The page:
Natural hairstyles have their own risks. “It is not enough [for doctors] to tell women to stop using relaxers and just walk out of the room,” says Aguh. She shares that the decision to wear natural hairstyles and spend significant time in braids, weaves, or wigs is causing permanent alopecia. “Alopecia clinics are filled to the brim of women with permeate hair loss in their early 30s because someone told them if they went natural everything would turn around.” Most importantly, wearing natural hairstyles is not decreasing rates of uterine cancer as these rates continue to climb.

Future Directions

After reviewing dozens of articles on the topic, I applaud all researchers for attempting to resolve important and complex healthcare issues. Bertrand is hopeful more studies will unfold. “To date we have two studies exploring the relationship between uterine cancer and relaxers. We don’t have the quantity of the evidence yet to make a strong claim.” She knows that despite many studies being consistent, there needs to be an actual chemical that is named the culprit. “No observational study can determine the exact cause,” she adds.

With more robust research there will hopefully be policy change. The FDA has yet to publicly announce its decision to ban the use of formaldehyde in hair straighteners, specifically keratin treatments. If the FDA ban is passed, relaxers will likely be unaffected because they don’t have formaldehyde.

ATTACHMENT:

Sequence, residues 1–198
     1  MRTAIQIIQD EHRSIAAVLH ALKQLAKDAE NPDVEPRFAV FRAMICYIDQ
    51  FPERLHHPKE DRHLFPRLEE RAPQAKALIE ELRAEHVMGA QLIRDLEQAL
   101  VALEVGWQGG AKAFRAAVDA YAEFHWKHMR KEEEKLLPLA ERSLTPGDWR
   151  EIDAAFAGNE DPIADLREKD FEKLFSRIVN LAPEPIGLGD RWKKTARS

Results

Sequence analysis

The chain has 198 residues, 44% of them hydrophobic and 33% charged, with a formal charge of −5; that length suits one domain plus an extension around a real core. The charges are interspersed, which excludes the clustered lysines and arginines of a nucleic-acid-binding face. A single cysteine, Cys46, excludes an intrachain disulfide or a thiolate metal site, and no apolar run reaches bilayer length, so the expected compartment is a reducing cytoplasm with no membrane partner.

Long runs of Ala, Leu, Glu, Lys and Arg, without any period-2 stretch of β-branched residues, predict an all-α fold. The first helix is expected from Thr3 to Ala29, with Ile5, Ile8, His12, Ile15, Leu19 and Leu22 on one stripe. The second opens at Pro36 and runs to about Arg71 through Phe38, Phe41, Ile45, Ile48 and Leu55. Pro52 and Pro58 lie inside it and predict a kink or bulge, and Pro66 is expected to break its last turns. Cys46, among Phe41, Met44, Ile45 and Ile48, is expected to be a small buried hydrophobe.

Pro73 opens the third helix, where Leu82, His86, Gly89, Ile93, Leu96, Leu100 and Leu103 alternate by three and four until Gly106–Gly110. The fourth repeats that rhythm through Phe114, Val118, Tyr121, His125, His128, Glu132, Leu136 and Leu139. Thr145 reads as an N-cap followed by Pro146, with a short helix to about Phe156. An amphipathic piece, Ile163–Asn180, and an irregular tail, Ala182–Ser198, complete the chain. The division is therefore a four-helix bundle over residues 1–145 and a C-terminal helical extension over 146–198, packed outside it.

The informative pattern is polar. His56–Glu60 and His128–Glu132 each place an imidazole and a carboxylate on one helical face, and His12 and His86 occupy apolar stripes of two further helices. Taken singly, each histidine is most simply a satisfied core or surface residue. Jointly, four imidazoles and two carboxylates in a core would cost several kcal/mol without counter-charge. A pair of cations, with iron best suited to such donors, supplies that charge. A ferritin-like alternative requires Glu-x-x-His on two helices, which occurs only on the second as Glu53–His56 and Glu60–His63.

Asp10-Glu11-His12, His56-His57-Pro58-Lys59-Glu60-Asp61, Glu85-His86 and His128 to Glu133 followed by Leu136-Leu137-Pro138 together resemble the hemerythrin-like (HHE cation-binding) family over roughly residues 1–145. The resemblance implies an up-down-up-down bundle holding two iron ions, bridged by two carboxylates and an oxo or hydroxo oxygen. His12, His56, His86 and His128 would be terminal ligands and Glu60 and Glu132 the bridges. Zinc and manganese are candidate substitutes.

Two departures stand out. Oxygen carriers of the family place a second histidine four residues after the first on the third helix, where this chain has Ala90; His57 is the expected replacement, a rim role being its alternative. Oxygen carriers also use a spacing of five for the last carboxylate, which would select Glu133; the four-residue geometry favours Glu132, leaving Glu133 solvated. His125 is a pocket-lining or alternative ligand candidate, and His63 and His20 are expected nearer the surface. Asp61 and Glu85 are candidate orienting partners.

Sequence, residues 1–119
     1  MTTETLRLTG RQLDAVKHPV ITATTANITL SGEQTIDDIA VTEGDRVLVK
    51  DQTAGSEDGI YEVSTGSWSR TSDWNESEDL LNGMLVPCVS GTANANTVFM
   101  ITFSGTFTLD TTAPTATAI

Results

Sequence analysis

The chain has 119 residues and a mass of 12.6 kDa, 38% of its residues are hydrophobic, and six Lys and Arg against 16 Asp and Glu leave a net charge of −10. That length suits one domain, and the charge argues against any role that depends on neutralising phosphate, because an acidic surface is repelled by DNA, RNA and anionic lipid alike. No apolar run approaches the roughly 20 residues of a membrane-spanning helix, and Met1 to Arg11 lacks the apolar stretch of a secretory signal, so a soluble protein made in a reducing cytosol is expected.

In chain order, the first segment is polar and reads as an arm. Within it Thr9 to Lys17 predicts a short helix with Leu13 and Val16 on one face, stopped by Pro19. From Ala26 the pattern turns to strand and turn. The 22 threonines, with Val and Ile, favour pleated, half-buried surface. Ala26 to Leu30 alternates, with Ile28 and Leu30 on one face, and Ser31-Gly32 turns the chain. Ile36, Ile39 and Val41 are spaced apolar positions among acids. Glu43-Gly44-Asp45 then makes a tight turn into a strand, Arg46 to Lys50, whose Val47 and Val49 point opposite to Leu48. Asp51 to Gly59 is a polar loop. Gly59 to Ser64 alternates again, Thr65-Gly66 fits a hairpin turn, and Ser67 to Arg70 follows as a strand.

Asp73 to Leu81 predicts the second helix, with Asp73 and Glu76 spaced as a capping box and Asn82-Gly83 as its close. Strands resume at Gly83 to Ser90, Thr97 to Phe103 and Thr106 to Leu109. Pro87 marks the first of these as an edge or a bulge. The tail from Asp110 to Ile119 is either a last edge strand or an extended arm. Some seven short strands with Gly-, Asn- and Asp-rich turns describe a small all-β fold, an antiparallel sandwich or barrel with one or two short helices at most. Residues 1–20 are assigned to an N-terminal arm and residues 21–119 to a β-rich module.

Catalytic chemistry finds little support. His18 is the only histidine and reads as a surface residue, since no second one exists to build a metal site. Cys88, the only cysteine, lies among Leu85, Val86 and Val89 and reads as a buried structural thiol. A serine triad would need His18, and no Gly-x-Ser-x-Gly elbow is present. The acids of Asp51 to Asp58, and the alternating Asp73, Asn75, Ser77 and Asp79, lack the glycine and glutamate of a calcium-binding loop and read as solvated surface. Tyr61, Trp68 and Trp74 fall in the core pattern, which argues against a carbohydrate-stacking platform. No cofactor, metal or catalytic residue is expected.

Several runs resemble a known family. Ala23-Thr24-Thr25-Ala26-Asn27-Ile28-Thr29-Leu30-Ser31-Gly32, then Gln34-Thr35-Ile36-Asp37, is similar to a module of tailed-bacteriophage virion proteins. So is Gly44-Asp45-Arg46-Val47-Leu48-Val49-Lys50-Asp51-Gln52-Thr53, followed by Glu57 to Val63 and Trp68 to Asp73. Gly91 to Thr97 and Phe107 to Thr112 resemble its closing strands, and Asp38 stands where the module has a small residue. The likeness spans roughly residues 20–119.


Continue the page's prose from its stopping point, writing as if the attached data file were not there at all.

Until then, here are considerations I gathered from a multidisciplinary team of doctors:

  • Instead of only asking your doctor, “Should I use relaxers?” ask about the signs and symptoms of breast and uterine cancer. Ask them to review your personal risk factors.
  • Understand that it’s unlikely a single product is causing the widespread increase of cancers in adults. “It's the cumulative burden of all of the unnamed chemicals, pesticides, herbicides, pharmaceuticals, preservatives, and petroleum derivatives that are inescapable in western civilization,” says Dr. Diana Molavi, chief of pathology at Sinai Hospital in Baltimore.
  • Consider decreasing your use of cosmetic products overall. “Most dermatologists would discourage use of too many hair products and treatments as we often see patients with complications, such as allergic contact dermatitis, irritant contact dermatitis and hair loss,” says Dr. Kelly Park, a board certified dermatologist and Mohs surgeon at the Illinois Dermatology Institute.
  • Decide if you would like to seek legal representation against manufacturers of these products as the research continues to expand. Colette McEldowney, lawyer at Rueb Stoller Daniel, says clients need formal medical records that demonstrate a diagnosis of cancer. Patients do not need documented paper trails of all prior over-the-counter or salon transactions. “Their word is enough and they will need to sign an affidavit of use to the product,” says McEldowney.
  • Accept the way Black women want to wear their hair. “Systemic biases may put pressure on Black women to choose things like relaxers or straighteners, which can lead to racial differences in health outcomes,” says Karen Tang, gynecologist and author of It’s Not Hysteria.